Cave biologists report new records of cockroaches from caves in Samal Island, Davao del Norte

Cave biologists report new records of cockroaches from caves in Samal Island, Davao del Norte
Julianne Afable

UPLB Museum of Natural History entomologist Cristian C. Lucañas and his colleagues, Dr. Ireneo L. Lit, Jr., Ma. Niña Regina M. Quibod, Prescilla Ruth D. Bicaldo, and Ariel R. Larona recently reported the first record of two cockroaches inside caves of Samal Island in the Philippines.

According to Lucañas, they were able to observe and collect Periplaneta banksi Hanitsch and P. americana (L.) inside two caves in Samal Island, also known as the “Island Garden City of Samal” of Davao del Norte province.

After surveying thirty caves in Samal Island for bat diversity in 2019, two caves— Baga Cave and Manan-ao Cave— were found to be inhabited by cockroaches. Individuals of P. banksi were collected from Baga Cave while P. americana, also called as the common house cockroach, were collected from Manan-ao Cave.

In their recent scientific paper published by The Philippine Entomologist, the authors discussed the taxonomic account of the collected cockroach species.

The cockroach species Periplaneta americana is distinguished from other Periplaneta in the Philippines by its posteriorly recurved cerci in males and (except for P. banksi) by the absence of a setose gland on the first abdominal tergite. It is distributed throughout the Philippines, mainly near past and present human settlements.

The authors noted that this species is very common among households and is the most widely distributed Periplaneta species.

Interestingly, Ariel R. Larona, who collected the specimens, says “that the common household cockroach from Manan-ao Cave were not as pungent as the usual cockroaches of this species which we find in our homes.”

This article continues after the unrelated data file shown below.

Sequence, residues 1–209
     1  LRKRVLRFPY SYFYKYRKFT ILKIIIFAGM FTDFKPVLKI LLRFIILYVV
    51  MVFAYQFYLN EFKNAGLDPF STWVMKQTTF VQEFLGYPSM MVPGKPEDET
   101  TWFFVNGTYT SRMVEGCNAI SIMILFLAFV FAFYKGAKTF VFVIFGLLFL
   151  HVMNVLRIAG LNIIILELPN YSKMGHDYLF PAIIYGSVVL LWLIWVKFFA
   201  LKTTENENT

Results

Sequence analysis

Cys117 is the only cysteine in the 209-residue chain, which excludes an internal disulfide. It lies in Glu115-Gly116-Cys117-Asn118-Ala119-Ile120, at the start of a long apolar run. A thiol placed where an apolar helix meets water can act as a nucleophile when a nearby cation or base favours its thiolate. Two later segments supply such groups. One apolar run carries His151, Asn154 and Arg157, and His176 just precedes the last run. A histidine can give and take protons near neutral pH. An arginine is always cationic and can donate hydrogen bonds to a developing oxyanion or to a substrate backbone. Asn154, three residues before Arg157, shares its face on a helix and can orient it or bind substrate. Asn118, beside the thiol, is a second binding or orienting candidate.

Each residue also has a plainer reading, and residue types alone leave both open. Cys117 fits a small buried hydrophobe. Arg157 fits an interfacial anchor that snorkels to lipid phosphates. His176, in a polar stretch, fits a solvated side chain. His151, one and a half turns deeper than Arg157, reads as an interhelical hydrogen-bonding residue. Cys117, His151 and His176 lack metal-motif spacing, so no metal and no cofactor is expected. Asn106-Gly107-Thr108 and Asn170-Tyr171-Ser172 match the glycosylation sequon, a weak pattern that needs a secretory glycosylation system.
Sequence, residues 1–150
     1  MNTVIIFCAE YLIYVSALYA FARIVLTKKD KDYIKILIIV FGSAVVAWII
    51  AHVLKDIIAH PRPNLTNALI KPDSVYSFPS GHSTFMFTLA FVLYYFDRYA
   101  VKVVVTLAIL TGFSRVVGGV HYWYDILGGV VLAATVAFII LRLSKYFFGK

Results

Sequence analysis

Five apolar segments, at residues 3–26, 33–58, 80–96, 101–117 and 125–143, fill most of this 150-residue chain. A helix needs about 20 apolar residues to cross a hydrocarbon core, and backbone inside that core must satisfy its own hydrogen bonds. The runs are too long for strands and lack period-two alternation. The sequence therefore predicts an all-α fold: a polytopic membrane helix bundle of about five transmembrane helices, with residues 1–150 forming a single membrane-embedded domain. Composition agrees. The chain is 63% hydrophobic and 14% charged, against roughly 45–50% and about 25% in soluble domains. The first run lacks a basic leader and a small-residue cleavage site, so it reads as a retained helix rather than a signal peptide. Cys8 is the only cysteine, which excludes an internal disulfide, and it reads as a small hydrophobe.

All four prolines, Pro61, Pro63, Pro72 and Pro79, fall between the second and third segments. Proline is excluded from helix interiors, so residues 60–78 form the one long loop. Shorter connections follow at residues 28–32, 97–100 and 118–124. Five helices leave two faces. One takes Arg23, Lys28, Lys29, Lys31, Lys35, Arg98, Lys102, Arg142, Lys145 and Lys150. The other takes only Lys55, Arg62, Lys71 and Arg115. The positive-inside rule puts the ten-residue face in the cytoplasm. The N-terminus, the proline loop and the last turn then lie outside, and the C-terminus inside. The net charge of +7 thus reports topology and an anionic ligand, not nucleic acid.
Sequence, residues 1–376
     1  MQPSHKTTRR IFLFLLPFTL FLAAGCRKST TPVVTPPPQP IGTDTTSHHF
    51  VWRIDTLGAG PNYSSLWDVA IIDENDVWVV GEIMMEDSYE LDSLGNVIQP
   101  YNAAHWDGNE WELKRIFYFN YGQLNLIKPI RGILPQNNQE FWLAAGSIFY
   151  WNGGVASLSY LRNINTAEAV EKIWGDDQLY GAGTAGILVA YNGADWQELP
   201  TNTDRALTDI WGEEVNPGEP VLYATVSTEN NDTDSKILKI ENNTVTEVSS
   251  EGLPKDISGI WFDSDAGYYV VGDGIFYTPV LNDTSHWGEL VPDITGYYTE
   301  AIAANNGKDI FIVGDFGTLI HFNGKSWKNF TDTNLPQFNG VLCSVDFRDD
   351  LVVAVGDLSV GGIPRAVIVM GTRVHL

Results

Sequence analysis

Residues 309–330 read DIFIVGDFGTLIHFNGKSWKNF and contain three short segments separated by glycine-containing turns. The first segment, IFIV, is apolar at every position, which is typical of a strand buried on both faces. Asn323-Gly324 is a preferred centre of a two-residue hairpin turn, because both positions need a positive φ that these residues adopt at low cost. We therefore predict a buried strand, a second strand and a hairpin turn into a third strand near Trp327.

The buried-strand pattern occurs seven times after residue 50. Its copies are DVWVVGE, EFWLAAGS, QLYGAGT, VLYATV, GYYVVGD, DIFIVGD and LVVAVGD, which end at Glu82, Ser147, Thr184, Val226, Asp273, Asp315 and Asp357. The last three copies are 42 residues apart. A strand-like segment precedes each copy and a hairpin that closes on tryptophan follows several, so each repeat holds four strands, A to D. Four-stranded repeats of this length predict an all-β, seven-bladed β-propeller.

Meanwhile, Periplaneta banksi Hanitsch is distinguished from other Philippine Periplaneta by its large size and (except for P. americana) by the absence of a setose gland on the first abdominal tergite. Currently, it is only known to occur in Polillo Island, Quezon in the Philippines, where it has been redescribed by Lucañas and Lit in 2016.

According to the authors, this is the first report of the species in Mindanao and the second report on insular cave systems. Moreover, its presence in Baga Cave supports its classification as a troglophile, an organism that preferably live inside caves, says authors.

The presence and colonization of the common house cockroach in caves have been attributed to effects of human disturbances like uncontrolled entry and bat hunting. Historically, P. americana has been noted to outcompete and cause the extinction of other species. For instance, the authors cited a study which reported the presence of P. americana in several caves in Malaysia and Thailand noting the species to have caused the declining population of Pycnoscelus striatus (Kirby) in Batu Caves, Malaysia.

Having recorded the presence of invasive alien species (IAS) like the Periplaneta americana, the authors noted that the disturbances brought about by human activities affect not only the above ground habitats but are also detrimental to subterranean environments. Furthermore, they emphasize that more studies on the effects of IAS in cave environments should be done in order to provide critical information in that will aid designing mitigation, conservation and management plans for these delicate habitats.


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